Corning's new multi-strand fiber connector helps ISPs lay cable in small spaces

  • Corning launched Multifiber Pushlok, a multi-strand fiber connector that beefs up three products in its Evolv portfolio

  • Market Development Manager Jonathan Brady said the company already has customers lined up for the technology, which will help operators deploy their networks faster

  • The release of Multifiber Pushlok ties into the BEAD funding opportunity

Bigger isn’t always better, and that especially goes for fiber. Corning has some tricks up its sleeve to fit fiber cables into every nook and cranny.

Corning last week beefed up its Evolv portfolio with the launch of Multifiber Pushlok, a “stick-and-click” connector that the vendor said allows operators to deploy more fiber in tighter spaces, while reducing costs and labor requirements.

The Pushlok plug-and-play lineup has existed for several years now. But now, instead of just having a single fiber connector, Corning has made a connector that can fit from two to 12 fibers, said Market Development Manager Jonathan Brady.

The company has integrated Multifiber Pushlok technology into three Evolv products: Assemblies, Terminals and its FlexNAP preconnectorized cable solutions. Brady told Fierce the Pushlok technology has not only allowed Corning to make its terminals much smaller but to “help operators connect quicker.”

Corning Multifiber Pushlok

He noted Corning’s "hardened connectivity" solutions, which include the Pushlok products, have helped operators around the world reach more than 100 million homes. Brady didn’t provide specifics on how many customers have said they plan to use Multifiber Pushlok, just that the company has “customers lined up that are in the design and planning stages to implement it.”

The ports on Corning’s Multifiber Pushlok terminals “are the same size for single fiber and multi-fiber connectors,” he explained. “For our customers and the market in general that are looking to fit a lot of fibers into a small space, our terminals and connectors are now able to do that in a way that makes it simpler to deploy.”

So, can Multifiber Pushlok make it easier for operators to run fiber to say, apartment buildings? It’s for sure a possibility, said Brady.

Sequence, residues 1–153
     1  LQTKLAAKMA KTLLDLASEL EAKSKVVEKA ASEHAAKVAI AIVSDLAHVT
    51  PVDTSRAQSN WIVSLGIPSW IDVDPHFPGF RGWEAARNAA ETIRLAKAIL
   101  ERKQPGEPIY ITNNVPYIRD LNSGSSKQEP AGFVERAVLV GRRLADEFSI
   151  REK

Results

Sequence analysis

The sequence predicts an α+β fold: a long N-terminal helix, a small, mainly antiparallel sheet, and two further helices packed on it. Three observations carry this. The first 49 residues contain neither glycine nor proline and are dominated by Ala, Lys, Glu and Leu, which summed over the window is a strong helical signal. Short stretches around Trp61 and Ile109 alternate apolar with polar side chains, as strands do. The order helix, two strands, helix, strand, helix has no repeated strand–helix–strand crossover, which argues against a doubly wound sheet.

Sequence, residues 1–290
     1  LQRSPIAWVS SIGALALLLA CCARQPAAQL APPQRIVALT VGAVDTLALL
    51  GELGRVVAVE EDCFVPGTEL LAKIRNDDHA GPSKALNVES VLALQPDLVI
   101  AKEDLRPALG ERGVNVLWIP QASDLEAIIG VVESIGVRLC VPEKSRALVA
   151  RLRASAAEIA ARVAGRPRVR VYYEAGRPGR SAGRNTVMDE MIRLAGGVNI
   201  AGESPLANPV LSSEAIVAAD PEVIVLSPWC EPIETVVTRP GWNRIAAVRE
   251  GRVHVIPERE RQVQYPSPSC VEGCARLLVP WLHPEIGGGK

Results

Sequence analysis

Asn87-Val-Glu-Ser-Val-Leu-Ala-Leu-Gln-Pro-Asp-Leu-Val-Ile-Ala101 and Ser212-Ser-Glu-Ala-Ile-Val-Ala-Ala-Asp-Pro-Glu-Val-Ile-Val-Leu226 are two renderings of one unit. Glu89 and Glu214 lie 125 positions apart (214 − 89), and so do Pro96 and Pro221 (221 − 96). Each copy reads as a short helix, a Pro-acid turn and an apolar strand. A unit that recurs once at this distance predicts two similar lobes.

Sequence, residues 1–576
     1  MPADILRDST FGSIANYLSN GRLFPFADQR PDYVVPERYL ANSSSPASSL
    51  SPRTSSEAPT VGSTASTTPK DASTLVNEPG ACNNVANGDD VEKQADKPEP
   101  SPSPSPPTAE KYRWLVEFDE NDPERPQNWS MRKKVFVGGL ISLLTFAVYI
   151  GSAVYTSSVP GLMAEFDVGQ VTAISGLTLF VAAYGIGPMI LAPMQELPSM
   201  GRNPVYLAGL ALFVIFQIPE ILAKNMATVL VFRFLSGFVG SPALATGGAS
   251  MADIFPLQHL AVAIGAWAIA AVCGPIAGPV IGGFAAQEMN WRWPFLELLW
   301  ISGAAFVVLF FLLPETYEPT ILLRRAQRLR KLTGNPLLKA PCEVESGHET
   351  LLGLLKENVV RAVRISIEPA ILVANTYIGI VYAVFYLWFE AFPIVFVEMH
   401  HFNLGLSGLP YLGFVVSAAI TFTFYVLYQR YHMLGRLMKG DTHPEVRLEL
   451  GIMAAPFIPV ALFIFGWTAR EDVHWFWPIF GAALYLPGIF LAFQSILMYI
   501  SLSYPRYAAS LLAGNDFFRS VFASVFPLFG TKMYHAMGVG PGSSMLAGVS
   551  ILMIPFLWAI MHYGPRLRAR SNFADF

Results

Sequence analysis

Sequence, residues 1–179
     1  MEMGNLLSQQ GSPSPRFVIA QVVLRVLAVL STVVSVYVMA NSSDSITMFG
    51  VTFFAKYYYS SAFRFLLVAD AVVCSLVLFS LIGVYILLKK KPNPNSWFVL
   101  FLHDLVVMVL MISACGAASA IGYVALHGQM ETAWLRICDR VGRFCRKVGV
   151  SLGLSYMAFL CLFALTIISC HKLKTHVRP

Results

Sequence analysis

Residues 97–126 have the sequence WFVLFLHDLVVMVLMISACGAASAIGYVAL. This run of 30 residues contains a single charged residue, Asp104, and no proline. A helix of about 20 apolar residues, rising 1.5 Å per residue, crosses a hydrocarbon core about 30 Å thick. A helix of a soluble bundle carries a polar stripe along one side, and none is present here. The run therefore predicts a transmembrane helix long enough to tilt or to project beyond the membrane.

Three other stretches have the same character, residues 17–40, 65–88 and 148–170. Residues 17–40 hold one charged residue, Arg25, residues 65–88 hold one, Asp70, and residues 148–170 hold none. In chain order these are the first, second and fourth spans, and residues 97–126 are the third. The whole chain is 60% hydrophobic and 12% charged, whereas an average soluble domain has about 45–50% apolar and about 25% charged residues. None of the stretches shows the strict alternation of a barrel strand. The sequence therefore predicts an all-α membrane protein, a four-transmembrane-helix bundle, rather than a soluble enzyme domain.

“It depends on what kind of applications an operator would be interested in using it for,” he said. “Whether it’s multi-dwelling units, whether it’s in suburban, more single-family home applications, this technology has uses anywhere you would want multiple fibers.”

For FlexNAP specifically, the technology lets the cable fit into 1.25-inch ducts, compared to Corning’s legacy connectors that are constrained to 2-inch ducts.

“So now, an operator that has been deploying FlexNAP or that is deploying bulk cable” can use the pre-connectorized system in an 1.25-inch duct, Brady said, instead of deploying bulk cable and having to splice it.

Pre-connectorized cables are being used by all the large telcos in North America, said Dell'Oro analyst Jeff Heynen. In the past, technicians would splice the fibers on site before connecting them - a time consuming process, especially in larger deployments.

"There is definitely a shortage in skilled splicing technicians, so eliminating that step by using pre-connectorized cables is important for operators and their construction partners to hit their KPIs," Heynen said.

Heynen also brought up a few benefits for MDU deployments. The density range of Corning's Pushlok solutions allows operators to "address many different MDU sizes and types." And pre-connectorized cables can reduce the overall time it takes for installation from the curb to the building for each MDU floor. 

Furthermore, the ability to push fiber through 1.25-inch ducts is important because ISPs will "often run into situations with older buildings where space to run ducts might be limited." Nokia is another company that's aimed to make it easier for operators to deliver broadband to apartment buildings.

"MDU owners generally want to minimize the disruption to tenants of a fiber deployment. So, anything that reduces the time and cost it takes to get the building and all the apartments connected is going to be preferred," Heynen added.

For Corning’s part, the company found customers deploying FlexNAP “can deploy their networks five times faster” compared to companies using a traditional splice solution.

“What would take five business days or a whole week, you can [now] do in a single day,” Brady said, noting that deploying the system into smaller ducts can cut an operator’s carbon footprint by roughly 50%.

Other fiber optic vendors are also on the move to make their components more compact. Cisco just came out with a new pluggable that collapses the optical line terminal chassis, allowing operators to better manage their PON networks.

In the driver’s seat for BEAD

The crux of the Multifiber Pushlok release, according to Brady, is “the historic opportunity to connect the unconnected,” i.e; the Broadband Equity, Access and Deployment (BEAD) program.

Although Multifiber Pushlok was not specifically made for BEAD, Corning thinks the technology will have “a lot of applications" for BEAD and beyond.

Brady said Corning since 2020 has invested more than $500 million in fiber and cable manufacturing (which includes money to build new fiber optic plans in Arizona and even in Poland).

“The current wave of public and private investments in broadband expansion signals the start of a major growth cycle for fiber-fed communications networks,” he added, also stating Corning is “uniquely positioned” for this opportunity.